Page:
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Fundamental Analysis in Currency Trading


Currency trading or forex trading relies on the two basic principles of fundamental analysis and technical analysis. Technical analysis is the evaluation of past trading activity and price trends that help in predicting future price movements. While fundamental analysis, on the other hand, is based on analyzing the macro and the microeconomic factors affecting the valuation of a country’s currency. The use of fundamental analysis is not restricted to forex trading only. In the world of finance, the use of fundamental analysis may range from corporate stock to real estate. In other words, fundamental analysis in forex trading is a way of trying to decipher the motive behind frequent rate fluctuations.

In this article, we will find out how fundamental analysis works in forex trading.

Fundamental Analysis in Currency Trading

Here is a list of the factors that influence random currency movements.

Interest Rates

These are some of the most important factors that form the basis of fundamental analysis. Although there are different types of interest rates, our point of focus here is the nominal or base rate decided by the Federal Reserve. A nominal or base interest rate is a principle or percentage paid by the private banks for borrowing currencies from the central bank. One of the primary roles of the Federal Reserve is to determine the interest rates which influence currency values to a great extent. Interest rates may also affect trade, unemployment, inflation, and investment.

Economic Indicators

These are reports published by the government or a private organization and indicate the economic health of a nation. Through information on such factors as unemployment numbers, these reports give you an idea of whether the economy is progressing or declining. The effect of these reports is similar to that of SEC filings and earnings reports that affect securities. In forex trading too, any major ups and downs in the economy largely affect price and volume movements. However, you must remember that the economy of a country is influenced by several other factors and policies as well.

GDP (Gross Domestic Product)

GDP is defined as the total value of the goods and services produced within a country during a certain period minus the value of the goods and services required for producing them. The rate of change in the GDP is a powerful indicator of whether an economy is growing or recoiling. Growth in GDP is known to have a positive influence on the value of the currency of a country. But having said this, the relationship between economic progress/decline and currency value is pretty complicated. Continuous economic growth often results in inflation, which harms the currency value.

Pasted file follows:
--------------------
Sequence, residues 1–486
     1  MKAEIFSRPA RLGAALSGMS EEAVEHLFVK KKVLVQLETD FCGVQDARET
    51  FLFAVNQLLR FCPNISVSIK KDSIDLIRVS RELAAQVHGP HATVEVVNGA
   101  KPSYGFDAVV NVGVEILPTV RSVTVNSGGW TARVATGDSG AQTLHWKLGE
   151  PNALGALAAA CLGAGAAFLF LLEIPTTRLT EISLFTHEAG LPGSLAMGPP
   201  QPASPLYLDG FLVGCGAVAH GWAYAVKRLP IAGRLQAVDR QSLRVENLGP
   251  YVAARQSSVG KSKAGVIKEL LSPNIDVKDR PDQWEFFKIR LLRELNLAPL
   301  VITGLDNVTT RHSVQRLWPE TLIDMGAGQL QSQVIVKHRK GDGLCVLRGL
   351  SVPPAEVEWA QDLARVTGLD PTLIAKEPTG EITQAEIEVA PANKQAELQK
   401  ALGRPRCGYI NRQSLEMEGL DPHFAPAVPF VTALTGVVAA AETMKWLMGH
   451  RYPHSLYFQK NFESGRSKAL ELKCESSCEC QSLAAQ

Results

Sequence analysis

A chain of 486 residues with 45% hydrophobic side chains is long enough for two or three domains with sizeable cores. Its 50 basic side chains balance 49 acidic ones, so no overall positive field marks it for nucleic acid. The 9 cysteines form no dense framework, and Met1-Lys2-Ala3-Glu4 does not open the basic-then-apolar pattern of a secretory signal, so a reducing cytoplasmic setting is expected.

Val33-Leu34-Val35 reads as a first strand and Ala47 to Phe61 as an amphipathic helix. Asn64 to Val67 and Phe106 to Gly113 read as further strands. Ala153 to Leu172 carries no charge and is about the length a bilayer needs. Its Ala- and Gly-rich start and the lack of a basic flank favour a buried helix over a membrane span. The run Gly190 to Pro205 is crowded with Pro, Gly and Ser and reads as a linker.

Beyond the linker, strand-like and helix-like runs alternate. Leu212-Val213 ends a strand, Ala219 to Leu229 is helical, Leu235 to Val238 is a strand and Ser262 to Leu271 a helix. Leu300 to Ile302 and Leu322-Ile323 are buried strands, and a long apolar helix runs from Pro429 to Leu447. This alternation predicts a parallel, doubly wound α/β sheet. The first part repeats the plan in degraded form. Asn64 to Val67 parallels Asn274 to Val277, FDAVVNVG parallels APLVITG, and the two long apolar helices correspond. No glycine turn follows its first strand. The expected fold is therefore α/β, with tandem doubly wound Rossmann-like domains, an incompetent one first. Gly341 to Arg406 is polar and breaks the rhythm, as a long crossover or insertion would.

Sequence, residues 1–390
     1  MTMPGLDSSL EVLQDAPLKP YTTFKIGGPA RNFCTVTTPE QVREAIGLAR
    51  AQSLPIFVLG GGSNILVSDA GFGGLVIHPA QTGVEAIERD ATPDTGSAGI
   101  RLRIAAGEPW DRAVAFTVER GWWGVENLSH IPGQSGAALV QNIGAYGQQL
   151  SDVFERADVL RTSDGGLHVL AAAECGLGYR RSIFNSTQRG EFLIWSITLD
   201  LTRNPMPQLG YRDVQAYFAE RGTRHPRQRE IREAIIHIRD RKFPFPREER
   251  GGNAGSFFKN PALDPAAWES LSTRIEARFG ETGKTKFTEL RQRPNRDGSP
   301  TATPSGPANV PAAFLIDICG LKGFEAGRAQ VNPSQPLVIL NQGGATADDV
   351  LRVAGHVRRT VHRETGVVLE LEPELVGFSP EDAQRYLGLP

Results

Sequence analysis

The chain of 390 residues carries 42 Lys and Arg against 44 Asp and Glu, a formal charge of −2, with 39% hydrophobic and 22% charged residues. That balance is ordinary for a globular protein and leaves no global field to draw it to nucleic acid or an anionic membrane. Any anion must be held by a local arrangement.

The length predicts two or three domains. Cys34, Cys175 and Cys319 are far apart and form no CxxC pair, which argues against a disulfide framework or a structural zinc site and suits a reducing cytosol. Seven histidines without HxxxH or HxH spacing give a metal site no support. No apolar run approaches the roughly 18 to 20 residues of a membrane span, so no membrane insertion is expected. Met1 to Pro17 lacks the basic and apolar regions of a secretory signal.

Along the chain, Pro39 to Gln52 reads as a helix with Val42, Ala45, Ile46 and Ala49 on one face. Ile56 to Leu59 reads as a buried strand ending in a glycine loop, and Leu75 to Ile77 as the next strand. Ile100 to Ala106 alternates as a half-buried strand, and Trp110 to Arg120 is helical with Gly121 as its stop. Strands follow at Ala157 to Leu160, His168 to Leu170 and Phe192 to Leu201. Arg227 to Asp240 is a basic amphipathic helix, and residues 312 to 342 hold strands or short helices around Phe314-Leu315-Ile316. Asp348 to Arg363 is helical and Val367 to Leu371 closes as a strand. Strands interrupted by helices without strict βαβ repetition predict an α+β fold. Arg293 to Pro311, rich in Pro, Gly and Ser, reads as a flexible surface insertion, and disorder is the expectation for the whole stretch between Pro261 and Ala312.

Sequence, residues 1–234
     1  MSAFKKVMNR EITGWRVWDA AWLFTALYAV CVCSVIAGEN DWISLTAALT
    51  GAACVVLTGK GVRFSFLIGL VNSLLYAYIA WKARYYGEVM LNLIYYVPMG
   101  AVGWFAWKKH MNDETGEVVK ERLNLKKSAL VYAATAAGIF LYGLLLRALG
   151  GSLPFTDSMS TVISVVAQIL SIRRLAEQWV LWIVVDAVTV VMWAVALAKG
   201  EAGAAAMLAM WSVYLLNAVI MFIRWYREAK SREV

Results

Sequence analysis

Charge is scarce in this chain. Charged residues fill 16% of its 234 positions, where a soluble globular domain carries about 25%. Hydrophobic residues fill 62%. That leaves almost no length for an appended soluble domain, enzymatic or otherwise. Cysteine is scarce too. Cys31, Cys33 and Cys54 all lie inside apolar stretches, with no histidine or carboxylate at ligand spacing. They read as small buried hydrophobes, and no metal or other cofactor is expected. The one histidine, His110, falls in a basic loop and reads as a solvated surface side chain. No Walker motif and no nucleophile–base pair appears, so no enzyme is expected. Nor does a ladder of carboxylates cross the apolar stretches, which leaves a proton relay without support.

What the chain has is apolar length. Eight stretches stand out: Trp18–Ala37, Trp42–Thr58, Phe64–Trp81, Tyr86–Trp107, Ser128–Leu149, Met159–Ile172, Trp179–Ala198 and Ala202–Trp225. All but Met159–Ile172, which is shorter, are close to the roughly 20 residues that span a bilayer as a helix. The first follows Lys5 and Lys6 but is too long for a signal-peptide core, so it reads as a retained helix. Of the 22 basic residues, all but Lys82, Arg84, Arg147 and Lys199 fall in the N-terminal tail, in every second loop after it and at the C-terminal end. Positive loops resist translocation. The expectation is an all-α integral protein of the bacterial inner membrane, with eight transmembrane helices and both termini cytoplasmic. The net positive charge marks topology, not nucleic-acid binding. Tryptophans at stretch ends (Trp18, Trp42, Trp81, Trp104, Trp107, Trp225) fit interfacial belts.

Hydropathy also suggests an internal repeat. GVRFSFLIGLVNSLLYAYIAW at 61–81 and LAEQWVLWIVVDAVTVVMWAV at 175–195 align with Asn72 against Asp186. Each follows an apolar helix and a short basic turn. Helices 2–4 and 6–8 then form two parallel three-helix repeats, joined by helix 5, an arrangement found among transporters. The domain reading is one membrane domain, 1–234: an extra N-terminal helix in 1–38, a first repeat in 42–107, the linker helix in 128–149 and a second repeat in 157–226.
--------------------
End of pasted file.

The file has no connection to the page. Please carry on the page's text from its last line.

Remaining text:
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The economy of a country is greatly driven by its inflation status. There are news releases on reports of fluctuations in the cost of goods over a period. When the economy of a country grows, the amount of money in circulation also grows along with it, which leads to inflation. About two percent inflation is considered acceptable to any economy. But when there is too much inflation, supply and demand are jeopardized, with the former superseding the latter. When this scenario persists for too long, there is an increase in supply, and a decrease in the value of the currency, resulting in deflation.

Deflation is a situation in which the price of goods and services is low and the value of the currency is higher. This, however, is not a promising scenario in the long run because if there is less money in circulation in the economy, it will eventually lead to the economy encountering a roadblock.

Retail Sales Report

This report measures the total receipts of all the retail stores in a country and can be used to gain insight into consumer spending patterns. A retail sales report is also an indicator of the direction the economy is headed. Major changes in the retail sales report may cause the nation’s currency to be extremely volatile.

Industrial production

This report shows changes in the production of mines, factories, and utilities within a country. Additionally, it also indicates if the production capacity is being utilized to its maximum. An ideal situation is one where production increases and capacity utilization is at the maximum or near-maximum. The forex traders who consider this economic indicator are mostly concerned with utility production (electricity, gas, water), which is heavily dependent on weather changes. The unpredictability of weather may cause significant changes to this report which further makes the currency of a nation volatile.

Customer Price Index (CPI)

The CPI is a barometer of a country’s overall economic growth. It is a measure of the average change in price of goods and services over a period. It also provides an idea about inflation in a country. Therefore, forex traders must keep a close watch on the CPI as the Federal Reserve affects changes to its monetary policy based on the CPI result. This move is normally accompanied by changes in the currency.


These economic indicators come in handy as far as analyzing the fundamentals of currency trading is concerned. They help to understand the economy better and give important cues to a forex trader so they can invest their money judiciously.







Sean Jacobson

I'm Sean, a former HR and business consultant providing you insights into the business world for Leader to Leader.

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